How will Drones affect the Insurance Industry?

How will Drones affect the Insurance Industry

Across the globe, drones are being used for law enforcement, public safety, agriculture, and more. But as drones expand into more commercial and private applications, will their owners be required to get insurance?

The short answer is, yes.

Unmanned aircraft systems (otherwise known as drones) are the fastest growing faction of the aviation industry, and one of the most dynamic across all business. A recent study forecasts that spending for small drones is expected to reach $89.1 billion worldwide over the next decade.

But with new opportunity comes new liability.

The main liability concerns regarding drones is that of personal injury, property damage, and worker’ compensation. Aircraft underwriters are currently exploring how to go about writing policies that cover these issues. They’ll want to know specifics about the drone’s particular purpose, its storage and usage policies, physical specs and more.

The other major concerns that insurance companies are considering is privacy. Earlier this year, a federal lawsuit was made against the Federal Aviation Administration (FAA), arguing for citizens’ privacy. Among other things, the suit demanded for citizens to be made aware if surveillance drones would be in the area. As these demands are being considered, the FAA has proposed new rules in the meantime to address such issues as height restrictions, operator certification and operational limits. In addition to self-imposed regulations, state laws are also being put in place to ensure privacy from drones, which could be equipped with high-powered cameras, infrared sensors, facial recognition, and license plate readers.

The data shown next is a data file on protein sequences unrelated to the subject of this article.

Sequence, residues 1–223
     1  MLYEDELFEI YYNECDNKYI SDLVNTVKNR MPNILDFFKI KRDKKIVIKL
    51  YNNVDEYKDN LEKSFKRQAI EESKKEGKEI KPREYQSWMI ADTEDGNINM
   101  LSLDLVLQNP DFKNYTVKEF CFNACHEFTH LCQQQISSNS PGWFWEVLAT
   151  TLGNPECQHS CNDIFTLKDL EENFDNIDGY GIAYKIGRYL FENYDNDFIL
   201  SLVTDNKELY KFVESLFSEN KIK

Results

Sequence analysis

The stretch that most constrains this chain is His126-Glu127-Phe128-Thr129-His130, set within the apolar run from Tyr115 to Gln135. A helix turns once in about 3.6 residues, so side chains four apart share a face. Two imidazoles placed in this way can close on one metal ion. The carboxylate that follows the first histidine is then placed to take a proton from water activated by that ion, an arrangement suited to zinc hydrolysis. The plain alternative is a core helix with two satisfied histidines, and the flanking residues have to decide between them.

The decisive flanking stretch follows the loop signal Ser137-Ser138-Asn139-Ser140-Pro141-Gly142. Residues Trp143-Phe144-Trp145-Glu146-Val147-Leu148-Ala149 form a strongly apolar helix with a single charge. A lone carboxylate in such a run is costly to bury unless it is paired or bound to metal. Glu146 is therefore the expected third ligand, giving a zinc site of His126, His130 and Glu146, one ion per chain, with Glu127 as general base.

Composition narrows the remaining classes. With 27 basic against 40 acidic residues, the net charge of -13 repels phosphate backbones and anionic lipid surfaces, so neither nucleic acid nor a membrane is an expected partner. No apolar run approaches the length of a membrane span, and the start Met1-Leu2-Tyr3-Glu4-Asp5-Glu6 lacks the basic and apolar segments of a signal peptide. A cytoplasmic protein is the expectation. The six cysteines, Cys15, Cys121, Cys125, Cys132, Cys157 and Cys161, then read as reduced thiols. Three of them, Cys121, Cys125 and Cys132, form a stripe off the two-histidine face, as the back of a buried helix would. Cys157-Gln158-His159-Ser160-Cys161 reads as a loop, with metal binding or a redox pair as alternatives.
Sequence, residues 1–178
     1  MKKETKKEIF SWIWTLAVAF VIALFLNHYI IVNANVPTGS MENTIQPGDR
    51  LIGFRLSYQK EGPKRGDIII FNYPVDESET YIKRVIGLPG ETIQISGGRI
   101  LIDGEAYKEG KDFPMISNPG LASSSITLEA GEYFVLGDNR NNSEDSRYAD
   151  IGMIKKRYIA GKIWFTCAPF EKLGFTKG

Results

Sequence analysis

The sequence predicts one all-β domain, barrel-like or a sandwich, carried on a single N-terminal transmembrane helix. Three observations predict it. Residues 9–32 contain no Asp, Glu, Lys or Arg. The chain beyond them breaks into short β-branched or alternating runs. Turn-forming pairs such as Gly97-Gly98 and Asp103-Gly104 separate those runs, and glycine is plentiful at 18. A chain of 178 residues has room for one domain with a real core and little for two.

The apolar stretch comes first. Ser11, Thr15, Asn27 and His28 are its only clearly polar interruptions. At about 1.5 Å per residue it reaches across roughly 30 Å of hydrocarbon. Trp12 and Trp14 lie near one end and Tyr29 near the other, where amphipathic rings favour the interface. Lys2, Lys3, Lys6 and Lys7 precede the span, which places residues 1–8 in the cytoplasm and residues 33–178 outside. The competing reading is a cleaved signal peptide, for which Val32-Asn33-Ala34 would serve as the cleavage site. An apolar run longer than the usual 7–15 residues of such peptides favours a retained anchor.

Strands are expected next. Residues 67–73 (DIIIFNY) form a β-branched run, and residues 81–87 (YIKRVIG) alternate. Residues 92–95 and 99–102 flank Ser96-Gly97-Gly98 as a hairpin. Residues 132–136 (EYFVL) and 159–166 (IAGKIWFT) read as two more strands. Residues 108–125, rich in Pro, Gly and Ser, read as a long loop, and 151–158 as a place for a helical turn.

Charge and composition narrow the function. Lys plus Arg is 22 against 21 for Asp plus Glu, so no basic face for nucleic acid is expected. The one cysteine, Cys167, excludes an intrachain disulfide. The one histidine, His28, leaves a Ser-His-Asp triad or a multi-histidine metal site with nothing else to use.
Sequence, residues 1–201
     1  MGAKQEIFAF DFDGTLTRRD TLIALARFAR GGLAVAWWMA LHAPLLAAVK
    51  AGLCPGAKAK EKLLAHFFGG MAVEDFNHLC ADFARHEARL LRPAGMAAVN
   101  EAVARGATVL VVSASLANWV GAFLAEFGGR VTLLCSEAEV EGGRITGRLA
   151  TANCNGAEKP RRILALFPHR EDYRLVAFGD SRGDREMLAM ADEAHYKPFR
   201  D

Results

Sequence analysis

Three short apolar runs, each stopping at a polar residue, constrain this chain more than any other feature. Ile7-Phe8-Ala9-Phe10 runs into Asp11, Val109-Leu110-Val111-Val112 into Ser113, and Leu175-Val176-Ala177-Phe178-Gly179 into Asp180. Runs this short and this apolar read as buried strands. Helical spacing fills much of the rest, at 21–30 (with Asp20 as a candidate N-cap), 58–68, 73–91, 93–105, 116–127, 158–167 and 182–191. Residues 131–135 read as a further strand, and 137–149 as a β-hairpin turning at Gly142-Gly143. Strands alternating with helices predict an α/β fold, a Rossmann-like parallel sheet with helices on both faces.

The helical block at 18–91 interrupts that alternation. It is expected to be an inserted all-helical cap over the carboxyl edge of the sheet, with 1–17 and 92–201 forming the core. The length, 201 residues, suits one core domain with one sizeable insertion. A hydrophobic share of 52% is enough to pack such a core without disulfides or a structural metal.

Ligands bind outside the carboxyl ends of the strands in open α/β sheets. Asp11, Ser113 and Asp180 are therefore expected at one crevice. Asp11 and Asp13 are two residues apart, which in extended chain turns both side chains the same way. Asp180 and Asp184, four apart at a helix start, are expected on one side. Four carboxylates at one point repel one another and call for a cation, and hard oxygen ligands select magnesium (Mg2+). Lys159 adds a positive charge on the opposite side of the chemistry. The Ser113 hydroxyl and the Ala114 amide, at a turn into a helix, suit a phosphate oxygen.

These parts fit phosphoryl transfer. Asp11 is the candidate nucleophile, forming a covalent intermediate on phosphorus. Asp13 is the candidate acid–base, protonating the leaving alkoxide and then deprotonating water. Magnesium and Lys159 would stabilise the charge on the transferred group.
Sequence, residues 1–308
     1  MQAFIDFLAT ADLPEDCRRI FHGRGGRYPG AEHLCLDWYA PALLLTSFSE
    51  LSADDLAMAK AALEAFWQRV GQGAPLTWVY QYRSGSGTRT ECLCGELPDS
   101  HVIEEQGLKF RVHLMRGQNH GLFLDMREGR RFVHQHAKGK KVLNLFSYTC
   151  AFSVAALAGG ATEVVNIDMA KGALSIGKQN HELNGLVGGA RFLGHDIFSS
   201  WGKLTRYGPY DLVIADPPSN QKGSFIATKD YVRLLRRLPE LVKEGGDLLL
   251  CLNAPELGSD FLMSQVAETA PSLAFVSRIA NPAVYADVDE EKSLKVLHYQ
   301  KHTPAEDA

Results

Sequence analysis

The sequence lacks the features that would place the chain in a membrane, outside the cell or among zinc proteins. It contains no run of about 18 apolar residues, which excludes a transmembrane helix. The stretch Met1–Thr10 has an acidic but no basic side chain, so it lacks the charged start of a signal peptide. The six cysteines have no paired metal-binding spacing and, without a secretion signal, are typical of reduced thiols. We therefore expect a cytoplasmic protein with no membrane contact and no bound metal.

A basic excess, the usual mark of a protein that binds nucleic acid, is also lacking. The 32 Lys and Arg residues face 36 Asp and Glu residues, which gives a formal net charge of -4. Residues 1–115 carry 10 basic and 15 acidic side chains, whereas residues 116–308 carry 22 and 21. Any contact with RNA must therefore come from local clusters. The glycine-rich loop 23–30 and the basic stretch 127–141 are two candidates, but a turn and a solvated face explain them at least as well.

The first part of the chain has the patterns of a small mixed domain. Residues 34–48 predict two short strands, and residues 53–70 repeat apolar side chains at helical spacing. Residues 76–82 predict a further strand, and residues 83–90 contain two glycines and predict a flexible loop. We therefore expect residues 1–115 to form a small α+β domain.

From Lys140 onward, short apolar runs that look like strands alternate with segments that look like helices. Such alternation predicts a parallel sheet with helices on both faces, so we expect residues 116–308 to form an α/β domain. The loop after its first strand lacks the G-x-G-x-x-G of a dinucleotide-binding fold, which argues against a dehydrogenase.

It’s all new territory, so figuring out how to insure drone owners against such infractions is a challenge. With the ability to capture tons of unsolicited information, insurance agencies will have to be certain they understand how this information will be used by the entity operating the drones. Accidental collection of info – such as inadvertent eavesdropping on a private conversation – is another privacy concern for insurers to consider.

In a previous blog, we talked about the rise of self-driving cars, their inherent safety, and how it could cause auto insurance policies to plummet. The newfound need for insurance on drones, on the other hand, might make up the difference for insurance companies. Considering the speed at which these two industries are growing, Insured Solutions experts believe the rise of drone insurance and the fall of the auto insurance model may mirror one another.

Right now, drone usage is still in its infancy, but many businesses are recognizing the usefulness of these small flying robots. However, as commercial and government agencies begin creating their plans to use drones in their work, they should also be assessing the risks at hand and evaluating insurance coverage and providers.


Carrie Charity Murphy is a freelance writer for Insured Solutions and Improve comedienne based in Louisville, Kentucky. She lives with her husband Ben and their two dogs, Sprocket and Ms. Brisby.
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